Through the fire, to the limit, to the wall/For a chance to be with you/I’d gladly risk it all/Through the fire/Through whatever, come what may/For a chance at loving you/I’d take it all the way/Right down to the wire/Even through the fire ~ Chaka Khan, “Through The Fire,” I Feel For You (1984)
I’ll never forget the first time I got to see Chaka Khan live.  It was late November 2011 at The Birchmere in VA.  I was with my partner, mother, and grandmother.  And was it an experience!  While I knew Chaka would bring it like no other, I had no idea the show would impact so deeply.  Within the first few minutes, I was in tears.  Entranced.  Enraptured.  Captivated.  Spellbound.  I was emotionally and spiritually overwhelmed.  Here I was, sitting in the audience being serenaded by someone who I loved all my life.  Her soulful wail pierced my core and I was rendered helpless.  I surrendered to the Queen of Funk-Soul.

Chaka took us on a musical journey, singing a wondrous selection of her greatest hits and covers of tunes by some of her favorite artists.  The concert was as eclectic and vast as her rich catalog.  She sounded and looked better than ever.  It was quite clear to me that Chaka could put many of her peers (past, present, and future) to shame after this concert.  I didn’t want it end (and neither did anyone else).  It was musical bliss.  We could’ve easily spent the rest of the night calling Chaka and her band back for more encores.  But that’s what dreams are made of, right? 

Make my journey, make it short in space/Let me lose this hardness that I got now, Lord/Water, wash away all traces of hate/I will do what you say/If you just show me how, river/…Roll me through the rushes like Moses/Roll me through the rushes/Just like Moses on the Nile ~ Chaka Khan, “Roll Me Through The Rushes,” Chaka (1978)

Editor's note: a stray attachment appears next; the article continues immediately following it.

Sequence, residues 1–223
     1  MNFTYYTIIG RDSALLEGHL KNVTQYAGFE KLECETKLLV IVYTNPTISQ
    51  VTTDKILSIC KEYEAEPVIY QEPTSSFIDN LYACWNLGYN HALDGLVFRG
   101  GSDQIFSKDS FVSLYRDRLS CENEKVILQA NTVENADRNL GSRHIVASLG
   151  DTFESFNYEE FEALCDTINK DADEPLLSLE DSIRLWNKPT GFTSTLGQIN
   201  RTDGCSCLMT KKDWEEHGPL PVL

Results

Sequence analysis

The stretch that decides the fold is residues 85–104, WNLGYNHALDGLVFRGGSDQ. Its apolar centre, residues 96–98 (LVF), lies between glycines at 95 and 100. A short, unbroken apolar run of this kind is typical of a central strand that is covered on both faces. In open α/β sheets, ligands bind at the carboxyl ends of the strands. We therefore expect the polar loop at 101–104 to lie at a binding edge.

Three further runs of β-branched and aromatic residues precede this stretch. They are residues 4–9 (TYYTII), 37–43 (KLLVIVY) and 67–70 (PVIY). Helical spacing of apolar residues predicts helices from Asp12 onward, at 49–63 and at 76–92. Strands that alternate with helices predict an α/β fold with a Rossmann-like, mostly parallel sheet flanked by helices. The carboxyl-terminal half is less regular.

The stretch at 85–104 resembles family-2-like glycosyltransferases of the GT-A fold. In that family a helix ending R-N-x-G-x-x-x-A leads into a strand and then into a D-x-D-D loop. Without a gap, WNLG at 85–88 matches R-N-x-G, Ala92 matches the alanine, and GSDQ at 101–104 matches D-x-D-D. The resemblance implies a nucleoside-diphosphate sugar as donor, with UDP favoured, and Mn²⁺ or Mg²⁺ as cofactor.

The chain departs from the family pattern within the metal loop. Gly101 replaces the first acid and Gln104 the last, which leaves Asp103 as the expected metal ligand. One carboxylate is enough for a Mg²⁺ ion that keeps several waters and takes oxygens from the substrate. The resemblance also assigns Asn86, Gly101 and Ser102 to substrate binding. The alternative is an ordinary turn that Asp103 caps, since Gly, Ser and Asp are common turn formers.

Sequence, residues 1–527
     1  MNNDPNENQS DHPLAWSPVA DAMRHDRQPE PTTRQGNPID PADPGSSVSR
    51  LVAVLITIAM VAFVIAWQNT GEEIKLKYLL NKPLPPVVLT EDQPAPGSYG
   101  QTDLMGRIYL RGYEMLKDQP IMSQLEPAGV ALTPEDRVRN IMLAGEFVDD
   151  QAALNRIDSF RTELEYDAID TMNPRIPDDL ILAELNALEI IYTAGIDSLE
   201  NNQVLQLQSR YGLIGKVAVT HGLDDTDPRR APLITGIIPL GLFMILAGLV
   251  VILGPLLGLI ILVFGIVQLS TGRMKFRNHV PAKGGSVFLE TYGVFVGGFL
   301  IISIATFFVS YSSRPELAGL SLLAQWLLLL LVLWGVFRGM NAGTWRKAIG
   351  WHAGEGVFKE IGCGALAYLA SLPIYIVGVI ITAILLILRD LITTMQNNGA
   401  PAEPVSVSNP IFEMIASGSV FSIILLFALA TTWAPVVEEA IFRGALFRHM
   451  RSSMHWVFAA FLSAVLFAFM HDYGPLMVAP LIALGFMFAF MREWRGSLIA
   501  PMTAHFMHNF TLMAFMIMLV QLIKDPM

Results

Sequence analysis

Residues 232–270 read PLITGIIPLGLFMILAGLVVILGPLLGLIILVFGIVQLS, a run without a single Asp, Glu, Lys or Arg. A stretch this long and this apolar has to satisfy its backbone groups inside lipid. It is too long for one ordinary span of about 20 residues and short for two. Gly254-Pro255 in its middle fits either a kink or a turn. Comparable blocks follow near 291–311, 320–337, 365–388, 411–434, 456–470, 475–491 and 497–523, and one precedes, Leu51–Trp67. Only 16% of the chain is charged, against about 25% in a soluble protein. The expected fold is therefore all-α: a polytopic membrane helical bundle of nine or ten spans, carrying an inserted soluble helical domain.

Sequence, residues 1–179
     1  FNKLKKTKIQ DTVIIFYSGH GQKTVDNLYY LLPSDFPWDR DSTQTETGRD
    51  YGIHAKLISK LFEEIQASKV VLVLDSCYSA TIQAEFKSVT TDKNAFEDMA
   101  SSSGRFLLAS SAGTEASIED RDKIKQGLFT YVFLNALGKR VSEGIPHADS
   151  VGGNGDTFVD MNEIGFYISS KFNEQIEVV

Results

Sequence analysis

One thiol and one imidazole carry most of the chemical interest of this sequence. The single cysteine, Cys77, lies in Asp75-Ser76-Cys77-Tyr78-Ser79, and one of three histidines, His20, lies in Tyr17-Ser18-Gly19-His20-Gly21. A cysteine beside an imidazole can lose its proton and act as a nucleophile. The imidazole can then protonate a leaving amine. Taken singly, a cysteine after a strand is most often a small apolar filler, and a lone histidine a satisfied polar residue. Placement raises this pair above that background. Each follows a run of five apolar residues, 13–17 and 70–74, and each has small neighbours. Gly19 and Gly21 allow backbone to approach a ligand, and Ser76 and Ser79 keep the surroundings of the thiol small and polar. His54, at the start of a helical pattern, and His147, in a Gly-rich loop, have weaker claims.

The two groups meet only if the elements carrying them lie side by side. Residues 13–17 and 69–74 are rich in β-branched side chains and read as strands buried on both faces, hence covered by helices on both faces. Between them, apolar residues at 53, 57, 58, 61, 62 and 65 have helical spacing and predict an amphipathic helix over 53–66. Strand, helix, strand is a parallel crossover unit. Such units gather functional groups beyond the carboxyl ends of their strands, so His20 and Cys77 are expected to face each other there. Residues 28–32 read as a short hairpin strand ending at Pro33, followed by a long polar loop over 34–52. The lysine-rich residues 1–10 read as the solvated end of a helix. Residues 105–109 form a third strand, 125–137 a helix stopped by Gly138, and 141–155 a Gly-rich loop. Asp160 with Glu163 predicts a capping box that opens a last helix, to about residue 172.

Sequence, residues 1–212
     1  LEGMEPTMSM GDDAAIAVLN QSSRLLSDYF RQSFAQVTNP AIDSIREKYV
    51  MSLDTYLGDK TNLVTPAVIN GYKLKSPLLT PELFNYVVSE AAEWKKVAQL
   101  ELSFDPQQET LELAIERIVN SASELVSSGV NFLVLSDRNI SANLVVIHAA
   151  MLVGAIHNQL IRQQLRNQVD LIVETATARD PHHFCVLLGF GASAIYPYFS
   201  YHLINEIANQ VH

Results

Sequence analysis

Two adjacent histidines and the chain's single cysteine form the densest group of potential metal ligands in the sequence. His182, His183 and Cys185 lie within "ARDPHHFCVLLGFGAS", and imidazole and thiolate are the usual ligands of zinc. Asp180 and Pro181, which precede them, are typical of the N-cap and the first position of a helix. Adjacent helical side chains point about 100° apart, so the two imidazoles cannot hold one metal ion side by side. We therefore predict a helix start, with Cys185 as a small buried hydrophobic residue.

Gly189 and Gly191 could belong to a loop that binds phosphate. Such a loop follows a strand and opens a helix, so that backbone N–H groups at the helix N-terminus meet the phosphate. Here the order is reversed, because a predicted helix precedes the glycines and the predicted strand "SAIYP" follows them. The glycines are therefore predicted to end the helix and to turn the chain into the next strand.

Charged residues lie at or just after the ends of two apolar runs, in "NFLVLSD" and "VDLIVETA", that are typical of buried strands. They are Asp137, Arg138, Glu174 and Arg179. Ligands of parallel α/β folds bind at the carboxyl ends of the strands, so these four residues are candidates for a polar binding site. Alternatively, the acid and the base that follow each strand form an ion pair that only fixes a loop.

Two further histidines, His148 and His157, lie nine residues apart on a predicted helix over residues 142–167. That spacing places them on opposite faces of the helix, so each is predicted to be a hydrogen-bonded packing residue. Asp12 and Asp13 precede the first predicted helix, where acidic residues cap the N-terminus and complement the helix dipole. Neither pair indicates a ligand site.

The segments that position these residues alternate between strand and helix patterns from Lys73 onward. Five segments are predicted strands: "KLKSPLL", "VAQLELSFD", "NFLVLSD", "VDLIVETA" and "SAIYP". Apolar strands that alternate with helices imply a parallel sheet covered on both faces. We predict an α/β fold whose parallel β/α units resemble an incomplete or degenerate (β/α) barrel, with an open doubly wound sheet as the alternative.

2013 marks two major milestones for Chaka Khan:  her 60th birthday (March 23, 2013) and 40 years in the entertainment industry.  Chaka will be unveiling a series of projects to commemorate these milestones.  Following the release of the March 16th “Stars Tribute” issue of Billboard Magazine, Chaka launched the 100 Days of Chaka campaign.  Introduced via an Augmented Reality app, the 100 Day of Chaka campaign “marks the 100 days from her birthday (March 23) to the anniversary of the release of her first recorded album with Rufus, Rufus (July 1, 1973) 40 years ago. This timeline will highlight daily, a series of historic moments in Chaka’s career, mixed with celebratory current events.  The 100 Days of Chaka culminates with the release of The iKhan Project: Alive! The Commemorative Edition, in stores July 2″ (Soul Talkin’ With Chaka).  

Later this year, Chaka will release The iKhan Project: Jazz, an album produced by renowned musician and composer Robert Glasper.  Fans can also look out for the I’m Every Woman Tour; television specials; an updated version of Through The Fire, Chaka’s memoir; the relaunch of www.chakakhan.com; the relaunch of Chakalates, her signature gourmet chocolates; the launch of her Khana Sutra candles, and much, much more.  I must say, 2013 is gearing up to be a celebration fit for a legend!  Chaka deserves every moment of it (and then some).

A mama’s cryin’/’Cause another young man has gone and died/He’s not some statistic/He’s another awesome destiny denied/So I’ve got to stand tall/I’m gonna live a super life/For the rest of my life/I’m gonna live a super life/Super life, super life, yeah ~ Chaka Khan, “Super Life,” Funk This (2007)

Happy Birthday and Happy Anniversary, Chaka Khan!  Thank you for sharing your spirit and your boundless gifts with us.  We will forever be moved.  Here’s to a fabulous 2013 and beyond! 

 
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Day 47: Black Music Month – Chaka Khan